New Jersey went out on a limb—and way out of character—to sign scoring sensation Ilya Kovalchuk, betting its season and its future on number 17
This is an article from the Nov. 15, 2010 issue
For Ilya Kovalchuk, it was the perfect contract. When Devils president Lou Lamoriello made the star forward a $102 million offer last summer, the first thing that caught the 27-year-old Kovalchuk's eye was the length of the deal: 17 years. To many in the league, that was a laughable number, one that would have kept Kovalchuk playing in New Jersey until he was 44. But Kovalchuk, who has scored a league-best 341 goals since entering the NHL in 2001, didn't find the duration of the contract funny—he had been seeking a long-term deal. Instead he thought it was fate. "That number," he says, "means a lot to me."
Kovalchuk proudly wears the number 17 on his sweater, primarily as an homage to his father's favorite player, Valeri Kharlamov, another left wing and an icon of Soviet hockey who died in a car accident in 1981 at age 33. In Russia, Kharlamov's number has the same cultural gravitas that 99 carries in Canada. But its significance to Kovalchuk runs deeper than that. His first two children with his wife, Nicole, were born on Oct. 1 and Feb. 7, respectively. And his life changed forever four years ago with the death of his father, Valeri, the man who shaped him as a hockey player, on July 17. "It's with me everywhere," Kovalchuk says of his number.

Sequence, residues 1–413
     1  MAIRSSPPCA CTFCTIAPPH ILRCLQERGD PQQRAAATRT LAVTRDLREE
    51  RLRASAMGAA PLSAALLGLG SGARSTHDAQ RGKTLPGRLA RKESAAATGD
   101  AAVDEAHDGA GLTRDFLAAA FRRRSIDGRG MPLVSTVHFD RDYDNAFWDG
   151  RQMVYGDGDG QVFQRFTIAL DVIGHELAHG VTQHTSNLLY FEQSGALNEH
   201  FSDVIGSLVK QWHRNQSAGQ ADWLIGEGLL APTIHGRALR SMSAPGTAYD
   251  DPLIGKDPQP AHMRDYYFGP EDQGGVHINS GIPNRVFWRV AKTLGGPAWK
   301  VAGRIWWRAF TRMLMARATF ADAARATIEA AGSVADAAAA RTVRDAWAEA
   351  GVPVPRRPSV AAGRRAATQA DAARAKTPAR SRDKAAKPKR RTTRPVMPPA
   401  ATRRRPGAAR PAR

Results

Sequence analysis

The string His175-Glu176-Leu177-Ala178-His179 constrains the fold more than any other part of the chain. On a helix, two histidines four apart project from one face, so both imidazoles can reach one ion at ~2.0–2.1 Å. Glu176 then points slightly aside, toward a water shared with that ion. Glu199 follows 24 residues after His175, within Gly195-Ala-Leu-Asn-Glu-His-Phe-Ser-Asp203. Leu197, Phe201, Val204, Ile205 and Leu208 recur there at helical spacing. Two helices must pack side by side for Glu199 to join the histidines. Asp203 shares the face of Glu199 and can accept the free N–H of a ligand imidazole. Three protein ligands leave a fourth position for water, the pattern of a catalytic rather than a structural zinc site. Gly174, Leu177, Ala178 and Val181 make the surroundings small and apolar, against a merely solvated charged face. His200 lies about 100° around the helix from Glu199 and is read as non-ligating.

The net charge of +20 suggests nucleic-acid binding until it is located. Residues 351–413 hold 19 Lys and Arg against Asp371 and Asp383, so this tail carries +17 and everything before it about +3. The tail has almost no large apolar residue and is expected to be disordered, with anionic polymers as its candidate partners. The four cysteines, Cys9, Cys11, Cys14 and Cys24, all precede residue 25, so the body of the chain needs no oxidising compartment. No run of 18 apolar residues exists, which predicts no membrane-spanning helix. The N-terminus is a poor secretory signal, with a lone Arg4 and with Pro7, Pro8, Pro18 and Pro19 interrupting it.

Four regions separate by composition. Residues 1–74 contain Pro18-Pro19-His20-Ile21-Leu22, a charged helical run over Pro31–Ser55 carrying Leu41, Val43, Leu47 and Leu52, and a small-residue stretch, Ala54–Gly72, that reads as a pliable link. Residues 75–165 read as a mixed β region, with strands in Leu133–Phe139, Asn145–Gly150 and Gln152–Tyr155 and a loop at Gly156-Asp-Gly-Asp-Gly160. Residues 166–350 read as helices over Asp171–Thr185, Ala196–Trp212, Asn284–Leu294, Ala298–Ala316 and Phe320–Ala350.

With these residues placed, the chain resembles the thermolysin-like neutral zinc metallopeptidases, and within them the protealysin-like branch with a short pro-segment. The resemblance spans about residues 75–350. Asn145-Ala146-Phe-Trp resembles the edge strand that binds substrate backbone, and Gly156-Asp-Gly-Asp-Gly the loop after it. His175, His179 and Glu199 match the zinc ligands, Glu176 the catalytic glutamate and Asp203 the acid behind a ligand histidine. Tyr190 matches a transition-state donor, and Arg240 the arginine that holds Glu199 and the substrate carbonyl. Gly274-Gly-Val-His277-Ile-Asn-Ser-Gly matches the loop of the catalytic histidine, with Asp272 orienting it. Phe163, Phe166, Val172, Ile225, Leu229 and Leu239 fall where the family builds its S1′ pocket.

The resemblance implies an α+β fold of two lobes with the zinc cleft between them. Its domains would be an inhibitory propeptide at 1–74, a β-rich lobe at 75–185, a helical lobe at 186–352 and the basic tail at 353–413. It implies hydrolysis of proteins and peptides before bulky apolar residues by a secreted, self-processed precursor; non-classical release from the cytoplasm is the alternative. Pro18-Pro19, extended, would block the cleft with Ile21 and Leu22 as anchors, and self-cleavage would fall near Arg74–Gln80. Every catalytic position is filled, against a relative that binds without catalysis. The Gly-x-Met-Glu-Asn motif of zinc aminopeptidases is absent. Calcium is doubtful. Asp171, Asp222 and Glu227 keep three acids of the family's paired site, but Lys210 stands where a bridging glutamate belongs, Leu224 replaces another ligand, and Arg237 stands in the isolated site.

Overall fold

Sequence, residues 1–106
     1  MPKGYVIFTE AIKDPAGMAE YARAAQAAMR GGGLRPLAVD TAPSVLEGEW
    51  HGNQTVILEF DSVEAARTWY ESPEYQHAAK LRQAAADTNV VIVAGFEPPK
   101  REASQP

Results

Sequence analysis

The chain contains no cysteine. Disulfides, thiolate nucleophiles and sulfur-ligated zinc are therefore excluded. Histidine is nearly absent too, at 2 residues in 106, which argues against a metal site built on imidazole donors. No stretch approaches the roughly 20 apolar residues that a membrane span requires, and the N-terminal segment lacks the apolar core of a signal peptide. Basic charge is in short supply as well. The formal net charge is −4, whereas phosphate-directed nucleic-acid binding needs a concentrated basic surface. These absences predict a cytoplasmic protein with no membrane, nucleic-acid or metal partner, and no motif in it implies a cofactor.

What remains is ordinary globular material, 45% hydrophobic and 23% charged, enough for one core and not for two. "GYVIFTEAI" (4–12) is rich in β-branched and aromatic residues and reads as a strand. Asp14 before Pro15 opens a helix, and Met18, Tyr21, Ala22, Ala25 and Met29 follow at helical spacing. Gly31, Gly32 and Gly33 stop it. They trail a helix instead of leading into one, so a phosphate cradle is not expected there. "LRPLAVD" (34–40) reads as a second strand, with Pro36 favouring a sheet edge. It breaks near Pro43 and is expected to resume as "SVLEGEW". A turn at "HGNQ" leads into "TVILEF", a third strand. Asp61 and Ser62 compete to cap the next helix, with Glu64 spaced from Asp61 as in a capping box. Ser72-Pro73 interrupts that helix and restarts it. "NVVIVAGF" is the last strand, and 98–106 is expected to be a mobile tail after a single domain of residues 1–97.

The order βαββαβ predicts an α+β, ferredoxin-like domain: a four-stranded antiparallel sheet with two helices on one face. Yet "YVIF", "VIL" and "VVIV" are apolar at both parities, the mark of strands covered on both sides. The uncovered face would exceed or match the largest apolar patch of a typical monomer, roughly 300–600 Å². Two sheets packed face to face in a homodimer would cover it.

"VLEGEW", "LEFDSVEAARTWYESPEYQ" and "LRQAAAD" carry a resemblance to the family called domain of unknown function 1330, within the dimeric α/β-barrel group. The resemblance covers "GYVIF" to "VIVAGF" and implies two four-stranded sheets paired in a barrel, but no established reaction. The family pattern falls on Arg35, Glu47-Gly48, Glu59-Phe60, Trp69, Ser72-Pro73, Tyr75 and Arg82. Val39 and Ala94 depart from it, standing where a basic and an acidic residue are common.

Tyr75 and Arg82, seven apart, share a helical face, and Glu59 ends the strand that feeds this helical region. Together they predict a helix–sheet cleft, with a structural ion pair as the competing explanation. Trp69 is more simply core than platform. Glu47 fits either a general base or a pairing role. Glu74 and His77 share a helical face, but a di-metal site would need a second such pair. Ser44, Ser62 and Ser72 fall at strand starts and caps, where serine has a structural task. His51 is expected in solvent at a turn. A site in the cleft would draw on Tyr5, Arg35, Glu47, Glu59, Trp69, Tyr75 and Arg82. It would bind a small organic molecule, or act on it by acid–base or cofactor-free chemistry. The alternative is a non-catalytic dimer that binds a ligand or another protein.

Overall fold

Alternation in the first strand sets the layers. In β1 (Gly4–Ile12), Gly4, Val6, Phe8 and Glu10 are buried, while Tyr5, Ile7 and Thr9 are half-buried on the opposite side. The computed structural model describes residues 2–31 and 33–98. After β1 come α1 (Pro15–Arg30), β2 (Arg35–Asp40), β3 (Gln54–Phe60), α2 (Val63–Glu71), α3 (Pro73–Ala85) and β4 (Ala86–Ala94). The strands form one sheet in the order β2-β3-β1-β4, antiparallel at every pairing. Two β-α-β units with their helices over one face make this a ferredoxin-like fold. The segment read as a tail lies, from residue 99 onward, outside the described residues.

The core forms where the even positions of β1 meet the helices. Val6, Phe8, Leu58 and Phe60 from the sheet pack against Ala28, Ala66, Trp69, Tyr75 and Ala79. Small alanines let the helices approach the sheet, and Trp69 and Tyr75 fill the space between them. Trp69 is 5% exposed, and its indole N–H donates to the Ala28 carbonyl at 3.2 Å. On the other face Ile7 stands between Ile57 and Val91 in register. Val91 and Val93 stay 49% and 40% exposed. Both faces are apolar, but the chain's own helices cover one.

Lamoriello didn't know how much the number meant to Kovalchuk. Neither did the NHL. Hours after Kovalchuk signed the contract on July 19, the league voided the agreement on grounds that it circumvented the salary cap by artificially lowering Kovalchuk's yearly cap hit with "throwaway years" at the end. (The deal would have paid Kovalchuk almost 97% of the $102 million in the first 11 years of the contract.) The dispute dragged on for three weeks. An arbitrator upheld the league's decision on Aug. 9, and 19 days later Kovalchuk signed a 15-year, $100 million contract with New Jersey that increased his cap number from $6 million (under the voided deal) to $6.67 million. As a result of the ordeal the players' association agreed to new, stricter regulations governing front-loaded long-term contracts.
It was unheard of for the Devils—one of the NHL's most conservative franchises under the hypercontrolling Lamoriello—to expend so much money and effort on one player. Then again, it had been out of character for the team to trade for Kovalchuk last February. The conventional wisdom around the league (and even inside New Jersey's dressing room) held that Kovalchuk, who was due to be paid about $2.5 million for his two-month stint in the Garden State, was just a high-priced rental. He was, after all, a one-way forward on a tight-checking club committed to defense, a pure scorer with a grand total of four playoff games to his credit. But there was something that Lamoriello liked about Kovalchuk, something the G.M. would go to great lengths to keep.